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Tie in committee is barely a blip in Ketanji Brown Jackson’s road to confirmation

Drawing out the process without spelling its end, the tie vote on Judge Ketanji Brown Jackson in committee means only that the Senate must hold another vote.

WASHINGTON (CN) — The Senate Judiciary Committee split on party lines Monday over whether to advance Ketanji Brown Jackson's nomination to the Supreme Court to the full Senate, putting the confirmation process in a minor snarl that Democrats can still solve with yet more procedure.

Democrats and Republicans have equal control over the body, leaving it deadlocked early this evening over whether to recommend Jackson's confirmation to the Senate. This puts up an added hurdle on Jackson's journey to the highest court, but Democrats have the numbers to overcome the bump in the road with another vote that's expected late Monday night.

Tie votes in the committee on Supreme Court nominees are rare, though a tie on Jackson's nomination was predictable in the divided committee where considering judicial nominees have become an increasingly political affair.

In the past 50 years, the panel has only been deadlocked on whether to advance the nomination of one other prospective justice, Clarence Thomas. At the time of Thomas' nomination to the court, he faced allegations from Anita Hill of sexual harassment.

Democrats have lauded Jackson's résumé, which includes time as a federal public defender, an attorney in private practice, a federal district court judge, a member of the U.S. Sentencing Commission, and, most recently, a judge on the United States Court of Appeals for the District of Columbia. She also served as a law clerk for Justice Stephen Breyer, whom she is set to replace on the court after his retirement this summer.

Jackson's prospective confirmation would make her the first Black woman to serve as a Supreme Court justice and the first justice with experience as a federal public defender. But her confirmation would not alter the ideological makeup of the court.

"These critical experiences bring a missing perspective to the court and it's truly unfortunate that some are trying to use them as reasons to vote against her. These baseless attacks are belied by the broad support for Judge Jackson's nomination from across the political spectrum," Chairman of the Judiciary Committee Dick Durbin said Monday, citing endorsements Jackson has garnered from law enforcement organizations and prosecutors.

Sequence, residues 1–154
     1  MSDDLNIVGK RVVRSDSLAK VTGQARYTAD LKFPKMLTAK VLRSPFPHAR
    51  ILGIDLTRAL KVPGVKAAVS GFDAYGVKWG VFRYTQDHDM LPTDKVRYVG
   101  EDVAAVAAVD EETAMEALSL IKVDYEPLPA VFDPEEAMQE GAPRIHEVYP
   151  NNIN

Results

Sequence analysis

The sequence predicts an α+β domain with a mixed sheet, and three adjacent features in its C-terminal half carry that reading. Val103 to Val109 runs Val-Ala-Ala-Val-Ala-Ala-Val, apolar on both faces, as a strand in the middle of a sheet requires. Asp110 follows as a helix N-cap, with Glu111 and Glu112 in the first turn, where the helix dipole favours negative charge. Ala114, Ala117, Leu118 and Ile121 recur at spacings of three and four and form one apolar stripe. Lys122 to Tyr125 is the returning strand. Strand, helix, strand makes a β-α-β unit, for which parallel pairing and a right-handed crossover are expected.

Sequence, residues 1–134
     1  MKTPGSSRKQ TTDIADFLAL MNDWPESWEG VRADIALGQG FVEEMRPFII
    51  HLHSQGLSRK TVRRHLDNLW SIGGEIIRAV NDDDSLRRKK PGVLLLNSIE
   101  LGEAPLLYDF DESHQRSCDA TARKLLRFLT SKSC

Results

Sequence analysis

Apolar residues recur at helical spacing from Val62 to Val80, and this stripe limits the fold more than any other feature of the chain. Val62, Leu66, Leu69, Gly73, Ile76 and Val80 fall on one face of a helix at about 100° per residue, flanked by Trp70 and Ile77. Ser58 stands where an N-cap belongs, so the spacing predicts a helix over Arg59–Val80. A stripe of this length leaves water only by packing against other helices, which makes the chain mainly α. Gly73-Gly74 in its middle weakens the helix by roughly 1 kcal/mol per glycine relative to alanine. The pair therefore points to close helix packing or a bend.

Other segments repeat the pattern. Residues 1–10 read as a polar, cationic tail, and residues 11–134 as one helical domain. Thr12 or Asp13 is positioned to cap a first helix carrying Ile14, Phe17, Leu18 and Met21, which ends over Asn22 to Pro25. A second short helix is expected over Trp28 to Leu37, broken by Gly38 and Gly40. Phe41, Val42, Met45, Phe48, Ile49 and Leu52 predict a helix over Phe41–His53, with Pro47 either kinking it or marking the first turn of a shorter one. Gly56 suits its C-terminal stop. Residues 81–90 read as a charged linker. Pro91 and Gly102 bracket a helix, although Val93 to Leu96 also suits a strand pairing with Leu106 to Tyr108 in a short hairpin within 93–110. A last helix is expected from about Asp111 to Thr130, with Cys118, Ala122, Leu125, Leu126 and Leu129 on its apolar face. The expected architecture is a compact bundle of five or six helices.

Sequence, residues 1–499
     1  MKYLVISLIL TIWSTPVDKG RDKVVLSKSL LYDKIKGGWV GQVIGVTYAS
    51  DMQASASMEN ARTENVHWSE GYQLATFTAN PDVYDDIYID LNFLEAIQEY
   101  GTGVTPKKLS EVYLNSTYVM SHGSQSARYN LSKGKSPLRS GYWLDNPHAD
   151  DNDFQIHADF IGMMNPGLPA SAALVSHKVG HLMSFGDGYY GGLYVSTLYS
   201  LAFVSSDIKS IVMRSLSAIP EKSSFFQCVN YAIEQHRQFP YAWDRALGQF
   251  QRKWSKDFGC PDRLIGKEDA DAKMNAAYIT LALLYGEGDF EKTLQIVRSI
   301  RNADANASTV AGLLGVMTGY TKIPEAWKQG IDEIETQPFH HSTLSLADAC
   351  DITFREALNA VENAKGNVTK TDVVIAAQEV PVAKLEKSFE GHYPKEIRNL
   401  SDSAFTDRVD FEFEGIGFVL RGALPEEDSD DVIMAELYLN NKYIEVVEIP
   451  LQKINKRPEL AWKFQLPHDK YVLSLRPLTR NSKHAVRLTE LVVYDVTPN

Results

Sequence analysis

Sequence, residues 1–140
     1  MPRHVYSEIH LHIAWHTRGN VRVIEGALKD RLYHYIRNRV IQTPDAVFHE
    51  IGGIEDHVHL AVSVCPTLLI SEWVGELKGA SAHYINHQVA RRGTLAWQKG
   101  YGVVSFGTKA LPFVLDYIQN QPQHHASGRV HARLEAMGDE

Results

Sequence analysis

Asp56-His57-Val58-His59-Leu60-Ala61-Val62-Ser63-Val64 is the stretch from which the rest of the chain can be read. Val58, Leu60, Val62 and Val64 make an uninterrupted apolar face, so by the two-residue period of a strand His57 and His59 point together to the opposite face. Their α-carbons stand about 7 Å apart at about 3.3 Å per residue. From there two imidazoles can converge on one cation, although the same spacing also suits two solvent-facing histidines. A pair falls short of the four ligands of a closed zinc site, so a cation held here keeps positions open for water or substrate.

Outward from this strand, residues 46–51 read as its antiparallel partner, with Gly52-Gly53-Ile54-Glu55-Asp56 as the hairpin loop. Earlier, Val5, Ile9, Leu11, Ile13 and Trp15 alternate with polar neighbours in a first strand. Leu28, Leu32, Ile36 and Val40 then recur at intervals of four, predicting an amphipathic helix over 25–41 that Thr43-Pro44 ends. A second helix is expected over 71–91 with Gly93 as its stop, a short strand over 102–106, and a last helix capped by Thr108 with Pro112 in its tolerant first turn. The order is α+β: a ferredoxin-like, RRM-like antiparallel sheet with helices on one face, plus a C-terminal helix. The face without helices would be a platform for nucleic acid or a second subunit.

She has the backing of Senate Democrats, but, as signaled by the committee's vote, her nomination does not have the same support from Senate Republicans. Senator Susan Collins of Maine is the only Republican so far who has voiced support for Jackson's nomination, though Senators Mitt Romney of Utah and Lisa Murkowski of Alaska have yet to announce their positions.

With the expected support of at least 51 senators, Jackson's confirmation is all but certain but it remains a tense and political journey as the finish line draws near.

Senator Lindsey Graham of South Carolina, a Republican on the committee who previously voted to confirm Jackson to three other federal positions, came out against her ascendancy to the Supreme Court last week, accusing her of ruling in cases based on desired outcomes, not the law itself, and being overly lenient when handing down sentences in cases dealing with child pornography, an accusation that has repeatedly been disproven.

"I'll vote no, the first time I've ever voted against any Supreme Court nominee," Graham said Monday.

Graham accused Jackson of being an "activist to the core," a criticism traditionally lobbied against Democratic nominees to the bench and used to depict nominees as advocates who defy the text of law.

"If she wants the outcome, she's going to find it," Graham said.

He also criticized her representation of four Guantanamo Bay detainees during her time as a federal public defender. Jackson argued that her clients had been treated in violation of the Geneva Conventions during their detention, and all four were eventually released. None of them were convicted of crimes.